(d) In any civil action brought under the provisions of this act, the Secretary of Labor and Industry may require the employer to post bond or security to secure payment of the entire claim of the employe with credit in the amount of any good faith assertion of a right of set-off or counter-claim. Such bond or security shall be posted in the court where the civil action is brought. The request for bond or security shall be signed by the secretary and shall provide that such bond or security in the amount stated shall be posted within 30 days of service thereof on the employer. If such bond or security is not posted within the 30-day period, the employer will be deemed to have admitted his liability and execution may immediately ensue.
(e) If the secretary determines that wages due have not been paid and that such unpaid wages constitute an enforceable claim, the secretary shall, upon the request of the employe, labor organization or party to whom any type of wages is payable, take an assignment in trust, from the requesting party of such claim for wages without being bound by any of the technical rules respecting the validity of any such assignments and may bring any legal action necessary to collect such claim, subject to the right by the employer to set-off or counter-claim against the assigning party. Upon any such assignment, the secretary shall have the power to settle and adjust any such claim to the same extent as might the assigning party.
(f) The court in any action brought under this section shall, in addition to any judgment awarded to the plaintiff or plaintiffs, allow costs for reasonable attorneys' fees of any nature to be paid by the defendant.
((f) repealed in part Oct. 5, 1980, P.L. , No. 142)
(g) No administrative proceedings or legal action instituted under the provisions of this act for the collection of unpaid wages or liquidated damages more than three years after the day on which such wages were due and payable as provided in sections 3 and 5.
(9.1 added July 14, 1977, P.L. 82, No. 30)
Section 10. Liquidated Damages.
Where wages remain unpaid for thirty days beyond the regularly scheduled payday, or, in the case where no regularly scheduled payday is applicable, for sixty days beyond the filing by the employe of a proper claim or for sixty days beyond the date of the agreement, award or other act making wages payable, or where shortages in the wage payments made exceed five percent (5%) of the gross wages payable on any two regularly scheduled paydays in the same calendar quarter, and no good faith contest or dispute of any wage claim including the good faith assertion of a right of set-off or counter-claim exists accounting for such non-payment, the employe shall be entitled to claim, in addition, as liquidated damages an amount equal to twenty-five percent (25%) of the total amount of wages due, or five hundred dollars ($500), whichever is greater.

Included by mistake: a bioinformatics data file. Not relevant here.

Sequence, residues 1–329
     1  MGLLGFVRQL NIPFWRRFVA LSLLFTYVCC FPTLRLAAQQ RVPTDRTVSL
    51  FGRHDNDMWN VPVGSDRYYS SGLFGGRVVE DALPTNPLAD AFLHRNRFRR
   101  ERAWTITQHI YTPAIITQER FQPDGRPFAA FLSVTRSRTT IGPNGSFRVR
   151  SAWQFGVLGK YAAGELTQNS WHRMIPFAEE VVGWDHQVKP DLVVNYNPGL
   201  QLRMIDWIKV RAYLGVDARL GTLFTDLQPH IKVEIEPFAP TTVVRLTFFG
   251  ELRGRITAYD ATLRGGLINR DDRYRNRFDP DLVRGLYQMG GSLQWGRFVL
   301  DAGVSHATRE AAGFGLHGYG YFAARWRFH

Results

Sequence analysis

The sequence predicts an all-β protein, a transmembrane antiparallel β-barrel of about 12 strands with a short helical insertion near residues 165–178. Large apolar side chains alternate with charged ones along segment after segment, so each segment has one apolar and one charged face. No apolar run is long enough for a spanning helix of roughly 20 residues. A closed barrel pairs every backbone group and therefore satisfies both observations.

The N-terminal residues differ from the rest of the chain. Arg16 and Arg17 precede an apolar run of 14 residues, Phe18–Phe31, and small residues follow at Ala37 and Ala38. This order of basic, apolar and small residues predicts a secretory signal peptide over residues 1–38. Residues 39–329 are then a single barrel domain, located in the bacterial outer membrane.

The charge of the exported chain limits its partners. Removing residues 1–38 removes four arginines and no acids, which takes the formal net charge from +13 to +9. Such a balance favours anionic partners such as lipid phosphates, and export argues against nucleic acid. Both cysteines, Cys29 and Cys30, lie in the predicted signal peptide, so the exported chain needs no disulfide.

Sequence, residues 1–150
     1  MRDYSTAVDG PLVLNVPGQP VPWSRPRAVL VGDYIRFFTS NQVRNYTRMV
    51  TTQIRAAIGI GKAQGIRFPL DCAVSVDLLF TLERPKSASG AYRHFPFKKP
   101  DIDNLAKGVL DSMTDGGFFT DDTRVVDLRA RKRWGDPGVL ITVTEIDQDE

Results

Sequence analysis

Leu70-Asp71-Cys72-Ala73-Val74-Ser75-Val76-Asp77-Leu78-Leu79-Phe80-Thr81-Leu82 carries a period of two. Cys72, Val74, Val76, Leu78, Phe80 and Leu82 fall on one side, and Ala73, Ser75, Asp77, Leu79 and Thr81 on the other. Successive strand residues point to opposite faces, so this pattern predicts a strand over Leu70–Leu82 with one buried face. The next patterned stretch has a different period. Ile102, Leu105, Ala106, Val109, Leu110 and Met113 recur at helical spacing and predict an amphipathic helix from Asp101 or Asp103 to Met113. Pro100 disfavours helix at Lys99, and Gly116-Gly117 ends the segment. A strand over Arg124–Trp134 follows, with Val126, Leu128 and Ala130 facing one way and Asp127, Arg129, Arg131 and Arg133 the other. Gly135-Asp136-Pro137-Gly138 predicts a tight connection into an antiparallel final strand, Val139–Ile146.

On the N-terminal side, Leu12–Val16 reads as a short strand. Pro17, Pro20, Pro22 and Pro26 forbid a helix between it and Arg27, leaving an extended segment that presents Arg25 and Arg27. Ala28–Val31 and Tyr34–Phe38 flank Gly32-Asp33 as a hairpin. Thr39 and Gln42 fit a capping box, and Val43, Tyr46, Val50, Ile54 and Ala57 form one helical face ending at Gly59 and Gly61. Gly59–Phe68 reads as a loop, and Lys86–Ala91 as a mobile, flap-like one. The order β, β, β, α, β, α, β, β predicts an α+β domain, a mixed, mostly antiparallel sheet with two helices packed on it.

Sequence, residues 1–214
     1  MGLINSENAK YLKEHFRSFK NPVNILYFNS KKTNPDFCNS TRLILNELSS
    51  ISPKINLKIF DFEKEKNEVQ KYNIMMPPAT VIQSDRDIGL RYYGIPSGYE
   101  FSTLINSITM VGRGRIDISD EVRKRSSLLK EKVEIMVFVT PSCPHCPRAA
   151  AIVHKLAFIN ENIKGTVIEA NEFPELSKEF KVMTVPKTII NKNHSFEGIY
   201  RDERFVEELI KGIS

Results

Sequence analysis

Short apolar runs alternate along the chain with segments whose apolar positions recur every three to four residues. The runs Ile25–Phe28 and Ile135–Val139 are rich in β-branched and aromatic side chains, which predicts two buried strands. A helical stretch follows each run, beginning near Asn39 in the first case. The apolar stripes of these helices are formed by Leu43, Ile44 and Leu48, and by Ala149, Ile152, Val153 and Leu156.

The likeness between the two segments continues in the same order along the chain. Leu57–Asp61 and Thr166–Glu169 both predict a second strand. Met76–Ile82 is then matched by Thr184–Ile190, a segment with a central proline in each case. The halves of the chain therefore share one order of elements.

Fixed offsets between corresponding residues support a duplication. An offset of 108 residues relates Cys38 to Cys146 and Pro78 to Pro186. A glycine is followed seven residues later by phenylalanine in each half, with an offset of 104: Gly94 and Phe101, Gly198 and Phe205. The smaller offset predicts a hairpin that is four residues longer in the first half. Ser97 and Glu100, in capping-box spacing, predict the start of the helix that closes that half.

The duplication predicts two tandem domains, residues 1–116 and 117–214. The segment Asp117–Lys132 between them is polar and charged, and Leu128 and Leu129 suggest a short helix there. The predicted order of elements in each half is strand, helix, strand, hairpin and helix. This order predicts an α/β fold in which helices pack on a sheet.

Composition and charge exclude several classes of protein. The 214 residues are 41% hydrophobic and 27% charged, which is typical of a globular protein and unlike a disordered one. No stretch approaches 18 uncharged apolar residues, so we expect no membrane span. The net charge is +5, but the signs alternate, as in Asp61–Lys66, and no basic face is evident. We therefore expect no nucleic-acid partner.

(10 amended July 14, 1977, P.L. 82, No. 30)
Section 11. Criminal Remedies.
(11 repealed July 14, 1977, P.L. 82, No. 30)
Section 11.1 Criminal Penalties.
(a) The secretary or any employe, group of employes, labor organization or party to whom any type of wages is payable may institute prosecutions under this act.
(b) In addition to any other penalty or punishment otherwise prescribed by law, any employer who violates any provisions of this act shall be guilty of a summary offense and, upon conviction thereof, shall be punished by a fine of not more than three hundred dollars ($300), or by imprisonment up to 90 days, or by both, for each offense. The good faith contest or dispute by any employer of any wage claim or the good faith assertion of a right of set-off or counter-claim shall not be considered a violation of this act: Provided, That the employer has paid all wages due in excess of the amount in dispute or asserted to be subject to a right of set-off or counter-claim. Nonpayment of wages to, on account of, or for the benefit of each individual employe shall constitute a separate offense.
(c) Where such employer is a corporation, the president, secretary, treasurer or officers exercising corresponding functions shall each be guilty of such summary offense.
(d) All fines or penalties collected under this act shall be paid into the State Treasury through the Department of Revenue to the credit of the General Fund.
(11.1 added July 14, 1977, P.L. 82, No. 30)
Section 12. Repealer.
All acts or parts of acts are repealed in so far as they are inconsistent herewith except any act enacted in this session of the Legislature providing for different standards concerning payment of wages.
Section 13. Effective Date.
This act shall become effective thirty days after final enactment.